Our St. Patrick’s Day celebration (a week late)
March 25, 2008
Here in Zone 6, one should plant one’s cool weather vegetables on or around St. Patricks Day. In the 7 years I’ve been gardening, I have only managed to plant on March 17th just once (the first year). It was always downright arctic at the time or there was some other event needing my attention. This year, I’m proud that we’ve managed to attend to our garden only a week after downing our annual corned beef and cabbage.
Vegetable gardening is a wonderful way to get your children involved in an activity that has a tangible and edible reward for their efforts. I do recommend raised beds for gardening, but a small sunny patch on your property would certainly do the trick. I do two plantings – one in early spring for cool weather vegetables like peas, broccoli, green beans, and lettuces, and one after the danger of frost (Mother’s Day around here) for warm weather vegetables like cucumbers, tomatoes, peppers and squash.
Here’s our sad looking raised beds after a winter of being neglected.
You want to first clean up our garden and pick out old leaves and in our case, the pricker balls from a sweet gum tree. Feed your garden with compost and a fertilizer (I use Garden-tone). Work it into the soil (get those kids working!)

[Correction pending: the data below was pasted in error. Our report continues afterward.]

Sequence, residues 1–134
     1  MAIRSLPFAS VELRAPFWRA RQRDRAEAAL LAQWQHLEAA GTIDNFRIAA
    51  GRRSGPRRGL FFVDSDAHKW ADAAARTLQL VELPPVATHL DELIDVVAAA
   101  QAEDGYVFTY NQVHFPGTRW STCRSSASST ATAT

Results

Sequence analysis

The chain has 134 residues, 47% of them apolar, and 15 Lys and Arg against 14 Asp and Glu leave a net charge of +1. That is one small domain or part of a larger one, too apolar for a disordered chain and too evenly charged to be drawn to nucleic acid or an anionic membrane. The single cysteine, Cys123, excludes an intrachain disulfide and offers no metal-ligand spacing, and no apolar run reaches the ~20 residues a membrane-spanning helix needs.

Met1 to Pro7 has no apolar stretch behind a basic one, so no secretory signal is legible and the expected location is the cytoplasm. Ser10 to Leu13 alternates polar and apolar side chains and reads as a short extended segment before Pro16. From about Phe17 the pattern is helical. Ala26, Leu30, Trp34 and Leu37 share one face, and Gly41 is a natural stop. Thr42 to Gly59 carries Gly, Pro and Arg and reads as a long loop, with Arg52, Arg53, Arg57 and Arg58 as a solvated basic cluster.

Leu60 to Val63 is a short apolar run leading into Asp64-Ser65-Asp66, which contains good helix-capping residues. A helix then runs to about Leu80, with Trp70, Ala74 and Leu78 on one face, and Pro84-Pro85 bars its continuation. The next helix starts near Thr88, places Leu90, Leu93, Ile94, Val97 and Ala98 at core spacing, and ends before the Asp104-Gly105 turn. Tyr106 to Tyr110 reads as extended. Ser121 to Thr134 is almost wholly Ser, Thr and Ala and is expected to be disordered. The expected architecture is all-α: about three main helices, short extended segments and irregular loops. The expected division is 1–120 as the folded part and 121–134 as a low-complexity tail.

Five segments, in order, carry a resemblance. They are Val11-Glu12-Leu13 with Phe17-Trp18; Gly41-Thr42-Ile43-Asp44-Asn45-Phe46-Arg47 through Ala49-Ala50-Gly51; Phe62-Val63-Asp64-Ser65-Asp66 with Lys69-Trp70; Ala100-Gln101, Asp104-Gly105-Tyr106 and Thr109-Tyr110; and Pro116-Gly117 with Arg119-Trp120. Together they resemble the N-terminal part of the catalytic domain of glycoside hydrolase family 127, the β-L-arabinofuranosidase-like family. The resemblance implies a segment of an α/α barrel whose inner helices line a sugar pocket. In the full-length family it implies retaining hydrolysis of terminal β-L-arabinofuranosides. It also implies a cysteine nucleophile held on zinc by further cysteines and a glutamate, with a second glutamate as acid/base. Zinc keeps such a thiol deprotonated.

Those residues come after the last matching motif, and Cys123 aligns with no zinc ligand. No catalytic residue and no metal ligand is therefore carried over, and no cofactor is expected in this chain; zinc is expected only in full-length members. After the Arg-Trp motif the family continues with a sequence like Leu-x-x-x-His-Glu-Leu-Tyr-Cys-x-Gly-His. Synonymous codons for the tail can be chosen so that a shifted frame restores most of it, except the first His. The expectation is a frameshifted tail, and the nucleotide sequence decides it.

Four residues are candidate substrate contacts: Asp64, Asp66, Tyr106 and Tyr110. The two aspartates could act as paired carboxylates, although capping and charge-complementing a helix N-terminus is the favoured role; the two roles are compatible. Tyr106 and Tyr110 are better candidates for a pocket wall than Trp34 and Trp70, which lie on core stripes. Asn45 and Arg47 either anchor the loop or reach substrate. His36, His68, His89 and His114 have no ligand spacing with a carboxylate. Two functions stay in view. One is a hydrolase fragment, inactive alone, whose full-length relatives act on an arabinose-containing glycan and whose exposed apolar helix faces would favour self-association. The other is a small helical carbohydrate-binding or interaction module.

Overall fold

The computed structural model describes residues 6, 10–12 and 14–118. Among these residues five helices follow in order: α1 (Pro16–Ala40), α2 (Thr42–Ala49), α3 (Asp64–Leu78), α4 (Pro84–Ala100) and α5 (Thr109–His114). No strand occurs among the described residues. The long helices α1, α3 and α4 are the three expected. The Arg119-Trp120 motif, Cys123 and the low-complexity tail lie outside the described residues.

I don’t always plant the same things, but this year we planted peas (my kids’ absolute favorite), mesclun mix and broccoli.
Plant seeds according to directions on packet. Peas are especially easy for little hands to plant since all they have to do is push those peas down about 2 inches.
Peas and beans do grow quite tall (remember Jack and the Beanstalk?), so you do need to supply a trellis or stakes to support the stalks. I take the tallest stakes I can find at the gardening center and connect them with green wire every 5-6 inches or so.
Lettuces and broccoli have very small seeds and need to be planted very shallowly. This is probably best be done by an adult (otherwise, you will find lettuce growing in places you don’t want).
Water with a watering can (I find a hose is too strong for such shallowly planted seeds) and watch your garden grow! By early June, your children should be popping open those pea pods and gobbling up raw peas like they were candy!